Anti-Sunscreen Influencers Want to Fry Your Skin

Lifestyle

This summer, like many before, a lot of people won’t wear sunblock. The difference you might notice this year is just how many are proudly posting about it.

James Middleton is a fitness coach in the U.K., with a wellness brand that reaches about a quarter of a million people on Instagram. While impressive in its own way, this makes him neither a dermatologist nor an oncologist. But on Twitter last month, Middleton urged followers to dispense with sunscreen, arguing that the vitamin D produced by the human body when exposed to sunlight “make it almost impossible to develop an autoimmune disease.” (That sounds like hyperbole because it is; the benefits of vitamin D supplements are often overstated.)

“Think about it for a minute,” Middleton wrote. “They [pharmaceutical and health care companies] need you to believe that the sun is bad.” He included a pair of images from a TikTok video that made a similar point, suggesting that corporate interests have invented the myth of “dangerous” ultraviolet radiation from the sun in order to sell you a product — in this case, topical creams and sprays that prevent sunburn and skin cancer — that you don’t really need. It’s all a scam! Go forth and sizzle to a crisp!

That Middleton is blaming an amorphous “they” for the supposed sunscreen racket puts him squarely in a conspiratorial mindset — and he’s hardly alone. Across online natural health communities, influencers are peddling the lie that the sun doesn’t cause cancer, while arguing that it is, in fact, the use of sunscreen that can make you ill. Sometimes, this notion is connected to romanticized concepts of traditional (or “trad”) lifestyles, coupled with the assumption that our ancestors didn’t use sun protection. (They did.) Those who espouse “clean living,” meanwhile, may count sunscreen as a contaminant alongside supposedly harmful substances like seed oils, which have also been falsely characterized as “toxic.”

Others who advocate against sunscreen are prominent misinformation peddlers like Dr. Joseph Mercola, who identifies unhealthy chemicals in sunscreen to push his own alternative products. Mercola has gone so far as to dismiss as a “myth” the well-established link between UV radiation and skin cancer, despite his website previously hawking a sunblock formula made with green tea.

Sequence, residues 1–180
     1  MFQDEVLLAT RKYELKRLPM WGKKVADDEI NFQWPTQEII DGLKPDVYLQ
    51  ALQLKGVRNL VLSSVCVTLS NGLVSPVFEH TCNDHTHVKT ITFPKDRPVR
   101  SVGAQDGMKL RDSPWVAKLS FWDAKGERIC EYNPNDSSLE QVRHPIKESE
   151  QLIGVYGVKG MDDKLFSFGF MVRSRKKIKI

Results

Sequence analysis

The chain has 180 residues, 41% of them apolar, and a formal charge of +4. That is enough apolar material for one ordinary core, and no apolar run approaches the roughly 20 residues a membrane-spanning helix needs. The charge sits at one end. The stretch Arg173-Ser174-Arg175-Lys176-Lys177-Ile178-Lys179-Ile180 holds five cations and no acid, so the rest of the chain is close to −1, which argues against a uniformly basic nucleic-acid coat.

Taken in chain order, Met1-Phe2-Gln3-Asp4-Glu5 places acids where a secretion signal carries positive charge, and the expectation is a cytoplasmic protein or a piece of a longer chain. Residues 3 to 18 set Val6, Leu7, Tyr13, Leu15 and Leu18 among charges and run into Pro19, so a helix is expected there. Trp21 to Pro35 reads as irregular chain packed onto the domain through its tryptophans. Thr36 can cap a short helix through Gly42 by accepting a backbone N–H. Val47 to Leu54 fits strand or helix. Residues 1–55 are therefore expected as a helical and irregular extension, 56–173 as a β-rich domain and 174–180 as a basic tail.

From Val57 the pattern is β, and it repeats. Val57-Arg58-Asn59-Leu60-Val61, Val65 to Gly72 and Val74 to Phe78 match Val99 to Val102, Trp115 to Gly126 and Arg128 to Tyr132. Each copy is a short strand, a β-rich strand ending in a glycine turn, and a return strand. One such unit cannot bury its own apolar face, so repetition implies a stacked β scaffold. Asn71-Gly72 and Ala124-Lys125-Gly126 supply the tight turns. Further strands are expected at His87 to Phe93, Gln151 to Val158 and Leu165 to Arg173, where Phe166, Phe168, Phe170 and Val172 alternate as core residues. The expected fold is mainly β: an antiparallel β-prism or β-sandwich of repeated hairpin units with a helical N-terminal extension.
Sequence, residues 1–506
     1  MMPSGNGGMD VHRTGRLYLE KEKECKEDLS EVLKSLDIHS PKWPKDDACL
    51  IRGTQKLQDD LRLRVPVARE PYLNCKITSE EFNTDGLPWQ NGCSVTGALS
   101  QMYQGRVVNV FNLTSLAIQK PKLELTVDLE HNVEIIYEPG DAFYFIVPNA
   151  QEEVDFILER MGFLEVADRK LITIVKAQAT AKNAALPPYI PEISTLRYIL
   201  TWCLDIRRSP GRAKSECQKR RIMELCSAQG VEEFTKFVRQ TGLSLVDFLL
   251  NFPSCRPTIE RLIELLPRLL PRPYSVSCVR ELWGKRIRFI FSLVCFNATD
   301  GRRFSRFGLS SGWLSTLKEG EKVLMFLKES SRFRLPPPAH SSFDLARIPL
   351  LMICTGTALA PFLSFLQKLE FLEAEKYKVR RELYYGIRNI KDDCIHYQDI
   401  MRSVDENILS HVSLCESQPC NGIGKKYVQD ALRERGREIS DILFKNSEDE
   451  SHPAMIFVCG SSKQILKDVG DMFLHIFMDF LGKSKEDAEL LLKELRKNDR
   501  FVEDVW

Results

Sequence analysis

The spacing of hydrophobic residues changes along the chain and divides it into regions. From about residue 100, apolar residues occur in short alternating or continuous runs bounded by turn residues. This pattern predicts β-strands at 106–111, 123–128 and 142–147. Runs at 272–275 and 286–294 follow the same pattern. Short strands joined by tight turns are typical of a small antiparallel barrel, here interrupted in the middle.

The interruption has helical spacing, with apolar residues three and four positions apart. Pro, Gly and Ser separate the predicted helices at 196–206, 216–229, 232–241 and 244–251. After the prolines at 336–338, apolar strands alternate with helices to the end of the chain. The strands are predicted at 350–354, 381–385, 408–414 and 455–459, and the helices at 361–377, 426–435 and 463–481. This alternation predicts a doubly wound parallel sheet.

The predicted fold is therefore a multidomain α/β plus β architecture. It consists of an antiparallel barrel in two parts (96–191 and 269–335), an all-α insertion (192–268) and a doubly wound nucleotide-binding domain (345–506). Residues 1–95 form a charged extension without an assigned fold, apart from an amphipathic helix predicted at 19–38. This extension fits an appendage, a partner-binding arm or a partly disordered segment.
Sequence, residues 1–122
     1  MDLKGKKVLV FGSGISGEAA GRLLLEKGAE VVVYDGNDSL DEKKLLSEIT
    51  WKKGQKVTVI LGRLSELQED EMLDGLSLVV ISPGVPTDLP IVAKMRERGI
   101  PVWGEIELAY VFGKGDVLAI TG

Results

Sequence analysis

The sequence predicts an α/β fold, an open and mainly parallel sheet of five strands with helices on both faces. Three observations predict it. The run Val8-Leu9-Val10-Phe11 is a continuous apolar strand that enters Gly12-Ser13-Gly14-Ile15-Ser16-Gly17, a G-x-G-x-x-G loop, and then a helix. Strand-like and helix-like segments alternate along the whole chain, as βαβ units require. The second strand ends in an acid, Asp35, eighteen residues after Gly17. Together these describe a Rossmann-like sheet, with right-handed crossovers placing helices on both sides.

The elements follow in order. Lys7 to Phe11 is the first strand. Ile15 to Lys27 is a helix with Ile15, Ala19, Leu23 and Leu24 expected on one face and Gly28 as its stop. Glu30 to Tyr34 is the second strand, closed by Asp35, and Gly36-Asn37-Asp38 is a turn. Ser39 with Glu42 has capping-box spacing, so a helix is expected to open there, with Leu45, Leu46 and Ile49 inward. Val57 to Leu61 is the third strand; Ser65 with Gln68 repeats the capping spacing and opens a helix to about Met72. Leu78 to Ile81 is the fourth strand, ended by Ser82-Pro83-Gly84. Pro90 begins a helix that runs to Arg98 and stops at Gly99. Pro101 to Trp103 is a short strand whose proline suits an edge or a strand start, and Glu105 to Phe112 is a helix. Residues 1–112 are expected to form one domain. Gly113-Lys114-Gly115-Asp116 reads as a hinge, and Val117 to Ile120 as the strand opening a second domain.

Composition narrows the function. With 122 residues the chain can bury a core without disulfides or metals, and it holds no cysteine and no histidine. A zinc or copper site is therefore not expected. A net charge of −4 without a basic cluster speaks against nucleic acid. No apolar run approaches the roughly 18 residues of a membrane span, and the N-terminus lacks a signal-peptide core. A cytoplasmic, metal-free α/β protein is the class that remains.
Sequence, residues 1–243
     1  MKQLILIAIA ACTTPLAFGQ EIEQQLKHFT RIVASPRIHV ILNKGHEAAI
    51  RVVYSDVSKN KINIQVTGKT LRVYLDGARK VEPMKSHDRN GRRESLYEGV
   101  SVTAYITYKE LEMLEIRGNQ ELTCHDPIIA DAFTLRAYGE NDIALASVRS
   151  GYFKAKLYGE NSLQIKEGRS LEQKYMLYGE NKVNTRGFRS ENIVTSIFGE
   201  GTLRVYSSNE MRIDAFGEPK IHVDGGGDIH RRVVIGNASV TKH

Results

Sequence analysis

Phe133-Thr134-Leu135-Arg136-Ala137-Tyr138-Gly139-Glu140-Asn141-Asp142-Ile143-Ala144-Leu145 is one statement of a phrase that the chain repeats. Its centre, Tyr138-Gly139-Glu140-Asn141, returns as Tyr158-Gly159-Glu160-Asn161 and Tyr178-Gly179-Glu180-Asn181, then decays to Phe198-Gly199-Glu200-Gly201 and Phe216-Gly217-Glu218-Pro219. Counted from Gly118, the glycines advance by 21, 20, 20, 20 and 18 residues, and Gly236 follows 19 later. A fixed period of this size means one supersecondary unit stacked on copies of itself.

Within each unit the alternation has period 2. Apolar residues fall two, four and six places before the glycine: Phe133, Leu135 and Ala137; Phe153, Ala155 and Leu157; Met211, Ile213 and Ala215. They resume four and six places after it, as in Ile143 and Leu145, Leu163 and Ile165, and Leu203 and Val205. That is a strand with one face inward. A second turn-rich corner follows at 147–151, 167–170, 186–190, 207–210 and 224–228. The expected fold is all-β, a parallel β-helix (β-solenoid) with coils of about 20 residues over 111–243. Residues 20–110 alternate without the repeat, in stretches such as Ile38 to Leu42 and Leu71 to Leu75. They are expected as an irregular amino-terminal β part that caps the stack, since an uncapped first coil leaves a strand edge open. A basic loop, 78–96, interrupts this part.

The surge in medical misinformation brought on by Covid-19 and the vaccines designed to limit its transmission have opened the door to broader paranoia regarding Big Pharma and the FDA, which regulates sunblock products and continues to develop guidance on their safety and effectiveness. The mere existence of that ongoing research, coupled with incidents like a 2021 recall of certain sunscreens after they were found to contain low levels of benzene, a carcinogen also found in car exhaust, allows bad actors to spread the lie that sunblock kills more than the sun itself.

It also helps their narrative that skin cancers are on the rise, though according to studies, a range of different factors probably play into this trend, including “increased outdoor activities, changes in clothing style, increased longevity, [and] ozone depletion.” Dermatologists also point out that the rise of air travel to sunny locales has elevated our sun exposure. And tanning beds, which first took off in the late 1970s, also take some of the blame: according to one review in JAMA Dermatology, more people develop skin cancer from indoor tanning than get lung cancer attributable to smoking.

Yet the data is overwhelmed by a particular blend of internet-fueled ideologies known as “conspirituality.” This is where quack pseudoscience meets quasi-religious beliefs about how our bodies work, and suspicion of any chemical substance (whether in vaccines, pills, or lotions) is addressed by the pre-modern wisdom of the ages. Such influencers not only encourage you to think of the sun as exclusively nourishing and sustaining, like a benevolent god, but also tell you that sunblock inhibits your production of vitamin D, even though the evidence indicates a negligible effect on this process.

Of course, whether you think of sunscreen as an unnecessary solution to a fake problem or an insidious plot to make us fear the outdoors, the end result of too much sun exposure is likely the same: reddened, painful, peeling skin after a day at the beach or long hike. Perhaps these symptoms can be mitigated by also forgoing deodorant and toothpaste, and eating plenty of beef liver, though probably best to trust the actual health experts here. If you’re going to scorch anything this summer, it should be on the grill.

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